From the Founding Fathers who became political leaders until today, politicians have misled and/or outright lied about so many issues that it’s hard to keep up. For centuries they have promised better days if only we would vote for them; we are still waiting. And activists—they just make noise.
To prove they care about us, politicians craft legislation to address public safety and environmental concerns. Once they have done this, they feel the job is done; there, we “had a conversation”—the problem is fixed. But many of us scratch our heads and wonder if they have made things better or worse.
Thirty years ago, I attended an environmental compliance seminar with scores of others from all over the U.S. in Albuquerque, New Mexico, and as usual they asked the group “where are you from.” I said “California,” there was a groan in the room, and then “Santa Barbara County”—another bigger groan.
The instructor then told the group that California was the most aggressive state for environmental legislation and Santa Barbara the most aggressive county in the state. Thus, Santa Barbara County was the worst county in the U.S. to conduct business due to its over-the-top environmental regulatory attitude.
As time went on, I found that he had understated the aggressive stance of our county’s government.
A recent case points out a serious flaw one politician has with his approach to “saving the earth”; another’s lack of concern for supporting compliance with the laws of our state, and yet another Lompoc activist’s inability to apply her concern for the environment to her own daily activities.
Recently the Santa Maria Sun reported that the Board of Supervisors conducted an appeal hearing concerning a decision by the county Planning Commission to deny a proposal to install 16 safety valves on the pipeline that leaked and caused the 2015 Refugio oil spill (“Supervisors unable to take action on ExxonMobil valve project,” Aug. 24).
The Board of Supervisors couldn’t come to a consensus and agree to follow the law, so their 2-2 vote meant that the Planning Commission decision was final.
Concerning the vote, Supervisor Das Williams reportedly said, “It’s similar to a denial, but it doesn’t carry that prejudice.” How’s that for trying to put a happy face on a lack of principled leadership.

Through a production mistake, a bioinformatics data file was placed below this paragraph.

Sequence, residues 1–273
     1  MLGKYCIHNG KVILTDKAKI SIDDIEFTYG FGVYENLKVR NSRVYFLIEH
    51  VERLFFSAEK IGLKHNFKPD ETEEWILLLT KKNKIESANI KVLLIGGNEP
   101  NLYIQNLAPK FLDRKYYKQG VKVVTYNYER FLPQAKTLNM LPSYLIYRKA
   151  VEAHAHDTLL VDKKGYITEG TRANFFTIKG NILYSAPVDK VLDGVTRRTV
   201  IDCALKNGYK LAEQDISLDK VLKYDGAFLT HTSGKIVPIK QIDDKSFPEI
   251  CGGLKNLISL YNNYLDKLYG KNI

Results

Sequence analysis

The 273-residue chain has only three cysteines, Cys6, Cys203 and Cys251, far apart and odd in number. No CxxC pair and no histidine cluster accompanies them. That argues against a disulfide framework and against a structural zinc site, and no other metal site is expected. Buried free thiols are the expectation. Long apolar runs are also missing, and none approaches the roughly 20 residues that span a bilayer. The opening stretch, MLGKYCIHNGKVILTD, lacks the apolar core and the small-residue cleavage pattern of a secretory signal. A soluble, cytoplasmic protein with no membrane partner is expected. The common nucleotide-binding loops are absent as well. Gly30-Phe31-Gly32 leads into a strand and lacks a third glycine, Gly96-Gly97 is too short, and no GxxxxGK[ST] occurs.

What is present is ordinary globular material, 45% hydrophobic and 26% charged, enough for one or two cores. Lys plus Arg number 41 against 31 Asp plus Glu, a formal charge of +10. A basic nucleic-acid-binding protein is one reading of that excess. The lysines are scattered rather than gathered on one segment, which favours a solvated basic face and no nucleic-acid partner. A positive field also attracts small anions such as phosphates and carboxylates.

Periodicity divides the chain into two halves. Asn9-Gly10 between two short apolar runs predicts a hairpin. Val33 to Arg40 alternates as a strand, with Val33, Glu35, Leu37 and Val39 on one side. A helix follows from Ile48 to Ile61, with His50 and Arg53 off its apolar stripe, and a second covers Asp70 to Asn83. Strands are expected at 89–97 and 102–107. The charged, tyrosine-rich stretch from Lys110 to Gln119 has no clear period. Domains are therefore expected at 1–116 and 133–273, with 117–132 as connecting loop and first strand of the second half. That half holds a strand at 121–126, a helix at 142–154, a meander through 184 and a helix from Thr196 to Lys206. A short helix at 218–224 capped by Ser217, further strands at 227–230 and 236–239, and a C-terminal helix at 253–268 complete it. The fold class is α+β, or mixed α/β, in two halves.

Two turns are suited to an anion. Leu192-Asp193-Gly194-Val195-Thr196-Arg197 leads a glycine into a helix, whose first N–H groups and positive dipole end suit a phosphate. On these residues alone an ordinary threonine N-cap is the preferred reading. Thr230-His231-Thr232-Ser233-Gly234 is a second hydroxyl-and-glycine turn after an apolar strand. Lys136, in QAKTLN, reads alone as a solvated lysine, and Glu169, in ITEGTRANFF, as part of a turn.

Why, you say? Well, the Santa Barbara Independent reminded us that it was Supervisor Williams who wrote Assembly Bill 864 (requiring the best available technology, which the valves are), “after the Refugio spill when he was an Assembly member in 2015.” So, his “no” vote points out his lack of principles since he didn’t support application of the law he wrote.
Then there is Supervisor Laura Capps. The staff disagreed with the Planning Commission decision saying, “The county’s role is to ensure compliance with the county’s codified requirements. AB 864 provides for state level requirements related to hazardous liquid pipeline safety. The Planning Commission’s denial contradicts the only expert evidence provided on the record. The Planning Commission concluded the pipeline’s integrity has degraded to a point of increasing the frequency of potential future spills. The Planning Commission had no basis to deny the safety valves based on speculative conclusions about the safety of future pipeline operations.”
So, even after the staff seemingly said the Planning Commission wasn’t following the law, and the current situation represented a demonstrated hazard, it didn’t matter. Supervisor Capps didn’t support the appeal, and the Santa Maria Sun reported that she said, “I respect that we are asked to talk about valves, but it defies logic for me that you would need safety valves [while it’s not operating]. With due respect, it’s not improper for me to look at the big picture, it’s actually my job to look at the big picture. I was elected to look at the big picture, and the big picture is climate change.”
No, Ms. Capps, it’s your job to implement the laws of the state of California and the regulations of the county even when they don’t fit your agenda.
Lastly there is the local environmental activist who opposes the use of fossil fuels but drove to the meeting to protest installation of the valves in her Prius. As the Canary reported (“On the record,” Aug. 24), here’s what Toyota says about the Prius: “The vehicle always requires gasoline to operate properly.”
As for the two politicians in this story, neither belong in elected office if they can’t follow the laws, even the ones they have written, when they are considering matters before the Board of Supervisors in public hearings.
As for the activists, well, as usual they can’t seem to figure out how to live without fossil fuels.
Ron Fink writes to the Sun from Lompoc. Send a letter for publication to [email protected].